Creating a Comprehensive and Sustainable Philadelphia School Safety Strategy
Stoneleigh Fellow: Jody Greenblatt, 2012-2015
In 2011, the Philadelphia Inquirer published an in-depth series on violence in Philadelphia public schools titled “Assault on Learning.” The Inquirer revealed that during a single school year (2010-2011), more than 4,500 incidents of violence were reported. Shockingly, this figure did not fully reflect the extent of the school safety crisis, as many daily occurrences – ranging from school bullying to assaults on teachers – were not reported.
At the time, the District was using a variety of piecemeal approaches to address school violence, such as “zero tolerance” policies, video cameras, metal detectors, security guards, expulsions, disciplinary schools, and referrals to the child welfare and juvenile justice systems. While some schools had implemented evidence-based positive behavior supports, the Philadelphia School Reform Commission acknowledged that it needed a better understanding of where and how these approaches were being used and what impact they had. Furthermore, the Commission recognized that the District would need a clear mechanism to provide ongoing training, support, and direction so that successful interventions could be sustained.
To address these issues, Jody Greenblatt was awarded a Stoneleigh Fellowship to work with the School Reform Commissioners, District leaders, and youth-serving system partners to develop a comprehensive school safety and climate strategy. During her three-year fellowship, she:
Catalogued what programs were already in place within the District, as well as their costs, effectiveness and ability to be replicated.
Increased cross-systems collaboration by engaging numerous City departments (including Philadelphia’s Department of Human Services, Department of Community Behavioral Health and Police Department) and multiple units within the District (including research and evaluation; teacher effectiveness; and the office of the superintendent) to address school climate issues.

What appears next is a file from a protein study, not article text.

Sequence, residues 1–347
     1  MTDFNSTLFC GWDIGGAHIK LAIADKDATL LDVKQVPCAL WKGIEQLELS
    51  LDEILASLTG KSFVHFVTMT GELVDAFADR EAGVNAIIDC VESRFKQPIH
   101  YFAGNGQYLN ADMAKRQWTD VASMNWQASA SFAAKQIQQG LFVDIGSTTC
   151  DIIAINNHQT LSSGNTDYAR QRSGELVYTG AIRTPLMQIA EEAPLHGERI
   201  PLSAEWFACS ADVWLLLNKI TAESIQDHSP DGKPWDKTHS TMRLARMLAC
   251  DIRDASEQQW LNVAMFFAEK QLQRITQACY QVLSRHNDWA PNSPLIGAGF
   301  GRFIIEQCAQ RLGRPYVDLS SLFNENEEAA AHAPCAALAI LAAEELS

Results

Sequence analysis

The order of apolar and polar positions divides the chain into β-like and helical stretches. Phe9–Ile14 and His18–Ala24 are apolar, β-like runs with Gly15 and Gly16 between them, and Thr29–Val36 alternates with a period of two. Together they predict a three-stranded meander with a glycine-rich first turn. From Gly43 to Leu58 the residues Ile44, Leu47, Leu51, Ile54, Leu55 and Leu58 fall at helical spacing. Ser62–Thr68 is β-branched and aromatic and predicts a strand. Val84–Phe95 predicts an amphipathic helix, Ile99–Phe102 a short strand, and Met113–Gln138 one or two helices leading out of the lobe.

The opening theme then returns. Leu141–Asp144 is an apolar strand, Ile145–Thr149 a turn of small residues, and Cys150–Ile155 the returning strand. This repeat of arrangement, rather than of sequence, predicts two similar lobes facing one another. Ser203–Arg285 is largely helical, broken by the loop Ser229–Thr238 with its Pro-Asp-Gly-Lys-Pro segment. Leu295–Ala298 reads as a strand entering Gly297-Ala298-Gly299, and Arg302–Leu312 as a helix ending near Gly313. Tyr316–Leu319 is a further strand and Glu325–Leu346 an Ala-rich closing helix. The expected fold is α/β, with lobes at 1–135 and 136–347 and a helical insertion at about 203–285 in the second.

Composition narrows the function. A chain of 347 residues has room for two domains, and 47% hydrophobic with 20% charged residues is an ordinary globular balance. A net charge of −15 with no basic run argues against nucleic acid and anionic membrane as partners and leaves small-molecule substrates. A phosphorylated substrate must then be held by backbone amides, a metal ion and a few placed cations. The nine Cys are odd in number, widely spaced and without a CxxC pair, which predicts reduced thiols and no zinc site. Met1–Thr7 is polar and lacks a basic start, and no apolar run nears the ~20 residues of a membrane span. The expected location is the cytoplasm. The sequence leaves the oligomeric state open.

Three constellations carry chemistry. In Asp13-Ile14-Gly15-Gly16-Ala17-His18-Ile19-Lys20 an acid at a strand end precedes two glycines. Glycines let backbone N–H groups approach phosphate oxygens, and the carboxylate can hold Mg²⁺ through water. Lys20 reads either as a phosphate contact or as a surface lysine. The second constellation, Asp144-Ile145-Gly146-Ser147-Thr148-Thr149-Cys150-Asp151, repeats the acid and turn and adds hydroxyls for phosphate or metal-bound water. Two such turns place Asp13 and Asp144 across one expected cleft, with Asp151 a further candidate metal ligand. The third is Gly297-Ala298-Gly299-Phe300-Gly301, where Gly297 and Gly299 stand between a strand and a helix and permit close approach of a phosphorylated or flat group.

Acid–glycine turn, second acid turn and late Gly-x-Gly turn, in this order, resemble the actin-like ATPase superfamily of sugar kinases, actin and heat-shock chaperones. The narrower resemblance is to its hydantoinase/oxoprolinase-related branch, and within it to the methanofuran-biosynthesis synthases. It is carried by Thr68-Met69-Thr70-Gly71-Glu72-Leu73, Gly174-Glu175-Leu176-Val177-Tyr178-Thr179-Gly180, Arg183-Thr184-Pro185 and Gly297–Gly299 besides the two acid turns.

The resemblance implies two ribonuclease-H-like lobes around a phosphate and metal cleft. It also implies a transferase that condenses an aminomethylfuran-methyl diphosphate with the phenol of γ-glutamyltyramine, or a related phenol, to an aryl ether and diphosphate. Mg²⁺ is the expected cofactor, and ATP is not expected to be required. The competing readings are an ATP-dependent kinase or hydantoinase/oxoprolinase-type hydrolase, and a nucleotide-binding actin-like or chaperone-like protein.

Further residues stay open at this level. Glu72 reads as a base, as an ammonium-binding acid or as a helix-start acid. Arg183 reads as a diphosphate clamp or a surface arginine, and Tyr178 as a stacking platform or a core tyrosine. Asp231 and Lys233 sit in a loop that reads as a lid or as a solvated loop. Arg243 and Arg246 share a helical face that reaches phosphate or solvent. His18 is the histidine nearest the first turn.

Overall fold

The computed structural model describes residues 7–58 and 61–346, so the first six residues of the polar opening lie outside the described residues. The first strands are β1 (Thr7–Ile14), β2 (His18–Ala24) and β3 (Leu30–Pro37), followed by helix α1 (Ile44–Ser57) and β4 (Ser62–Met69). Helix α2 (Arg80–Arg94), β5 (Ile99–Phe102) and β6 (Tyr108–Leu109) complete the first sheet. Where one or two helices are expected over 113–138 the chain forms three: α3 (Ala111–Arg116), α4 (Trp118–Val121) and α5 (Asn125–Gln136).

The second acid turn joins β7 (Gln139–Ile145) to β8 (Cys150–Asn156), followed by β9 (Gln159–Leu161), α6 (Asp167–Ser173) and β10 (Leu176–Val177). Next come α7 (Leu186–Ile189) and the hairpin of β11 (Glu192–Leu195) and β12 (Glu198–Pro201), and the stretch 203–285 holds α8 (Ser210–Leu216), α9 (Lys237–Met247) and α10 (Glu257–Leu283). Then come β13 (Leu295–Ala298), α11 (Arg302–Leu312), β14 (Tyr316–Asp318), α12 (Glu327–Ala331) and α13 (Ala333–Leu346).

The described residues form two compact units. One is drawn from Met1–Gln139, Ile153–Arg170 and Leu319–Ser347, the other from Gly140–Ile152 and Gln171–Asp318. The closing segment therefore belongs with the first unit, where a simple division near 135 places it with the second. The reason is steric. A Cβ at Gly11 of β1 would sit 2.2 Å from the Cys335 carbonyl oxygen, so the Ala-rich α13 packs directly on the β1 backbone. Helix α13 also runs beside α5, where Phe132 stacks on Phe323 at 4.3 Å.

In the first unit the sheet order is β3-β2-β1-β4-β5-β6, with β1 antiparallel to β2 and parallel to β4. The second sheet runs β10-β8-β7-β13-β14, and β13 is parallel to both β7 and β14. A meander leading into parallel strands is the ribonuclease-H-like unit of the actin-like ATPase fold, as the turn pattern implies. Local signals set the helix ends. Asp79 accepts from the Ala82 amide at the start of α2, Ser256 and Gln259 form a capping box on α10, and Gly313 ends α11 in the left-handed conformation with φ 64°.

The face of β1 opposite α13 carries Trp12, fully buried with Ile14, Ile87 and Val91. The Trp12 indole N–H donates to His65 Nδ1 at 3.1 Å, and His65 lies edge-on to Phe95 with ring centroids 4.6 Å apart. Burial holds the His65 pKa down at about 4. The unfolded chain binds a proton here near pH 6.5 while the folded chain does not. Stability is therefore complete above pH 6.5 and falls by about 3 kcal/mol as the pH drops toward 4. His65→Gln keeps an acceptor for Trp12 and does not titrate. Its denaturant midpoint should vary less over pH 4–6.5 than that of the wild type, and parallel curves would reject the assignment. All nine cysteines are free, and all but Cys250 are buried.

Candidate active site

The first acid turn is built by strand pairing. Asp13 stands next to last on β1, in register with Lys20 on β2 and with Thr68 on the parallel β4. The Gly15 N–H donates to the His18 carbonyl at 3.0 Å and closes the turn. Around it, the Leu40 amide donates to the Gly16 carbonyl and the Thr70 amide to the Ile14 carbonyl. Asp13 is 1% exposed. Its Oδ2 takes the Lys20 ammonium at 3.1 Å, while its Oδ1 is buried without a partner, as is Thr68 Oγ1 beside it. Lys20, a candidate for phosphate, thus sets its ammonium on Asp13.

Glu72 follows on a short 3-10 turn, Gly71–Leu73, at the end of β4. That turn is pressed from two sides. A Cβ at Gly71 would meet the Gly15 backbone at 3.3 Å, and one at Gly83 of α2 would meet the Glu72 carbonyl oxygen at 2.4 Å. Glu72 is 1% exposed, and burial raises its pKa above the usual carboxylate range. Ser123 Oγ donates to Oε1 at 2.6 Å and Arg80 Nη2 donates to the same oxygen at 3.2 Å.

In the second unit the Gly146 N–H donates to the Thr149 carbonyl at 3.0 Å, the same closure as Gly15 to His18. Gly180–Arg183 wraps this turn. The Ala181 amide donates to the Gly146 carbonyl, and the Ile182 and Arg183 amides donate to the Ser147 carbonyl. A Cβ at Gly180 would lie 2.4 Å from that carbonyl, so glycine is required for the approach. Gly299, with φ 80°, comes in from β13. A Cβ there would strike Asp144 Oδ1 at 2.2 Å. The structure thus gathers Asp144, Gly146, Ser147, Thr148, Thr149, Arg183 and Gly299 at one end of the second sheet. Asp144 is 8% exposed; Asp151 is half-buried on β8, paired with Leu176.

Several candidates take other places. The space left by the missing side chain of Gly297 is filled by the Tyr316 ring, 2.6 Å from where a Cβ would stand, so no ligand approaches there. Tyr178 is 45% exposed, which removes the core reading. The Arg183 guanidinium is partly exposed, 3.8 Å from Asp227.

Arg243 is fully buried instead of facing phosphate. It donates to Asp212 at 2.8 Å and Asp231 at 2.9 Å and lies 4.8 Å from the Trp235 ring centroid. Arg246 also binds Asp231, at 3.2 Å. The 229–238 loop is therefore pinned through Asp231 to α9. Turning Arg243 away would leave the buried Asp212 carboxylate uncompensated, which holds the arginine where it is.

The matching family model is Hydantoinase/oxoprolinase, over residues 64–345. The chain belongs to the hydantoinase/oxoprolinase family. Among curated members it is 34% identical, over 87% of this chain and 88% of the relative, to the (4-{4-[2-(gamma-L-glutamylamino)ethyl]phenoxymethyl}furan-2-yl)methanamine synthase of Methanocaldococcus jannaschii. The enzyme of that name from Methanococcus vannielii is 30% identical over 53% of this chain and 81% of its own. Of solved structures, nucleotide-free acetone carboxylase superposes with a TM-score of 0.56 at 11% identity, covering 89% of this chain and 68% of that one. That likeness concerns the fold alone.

Helped create a revised Student Code of Conduct that is less punitive and framed around interventions and alternatives to suspension. The new Student Code of Conduct was informed by Jody’s extensive work to gather input from students, parents, teachers, principals and assistant superintendents; the District’s legal team, truancy officer and human resources office; and chief of school police.
Developed a school climate tool to assist schools in creating climate plans. In addition to developing the tool, Jody and a diverse team of internal and external experts traveled to schools to train principals on how to use it. Going forward, the tool will be administered by the schools themselves.
Helped the District to integrate “trauma-informed” practice at all levels. Jody conducted numerous principal trainings focused on improving school climate, eliminating bullying, and implementing the revised Student Code of Conduct. She also collaborated with the Philadelphia Police Department to ensure more than 100 police staff completed Youth Mental Health First Aid training. Jody has also worked with Stoneleigh Fellow Dr. Ted Corbin to develop trainings for staff and teachers around trauma-informed practices, and with Stoneleigh Fellow Lisa Jones to introduce evidence-based social and emotional learning programming to targeted schools.
Ensured the ongoing sustainability of the work by establishing a dedicated leadership team to monitor the fidelity of implementation of these initiatives and to identify opportunities for practice expansion. Her efforts have already yielded two major grants to continue this work: a five-year, $3.4 million grant from the Department of Education’s School Climate Transformation program and a grant from Philadelphia Foundation and other funders to introduce two evidence-based programs to more than 30 District schools. She will continue to oversee this work in her capacity as the District's new Deputy Chief for Climate and Safety.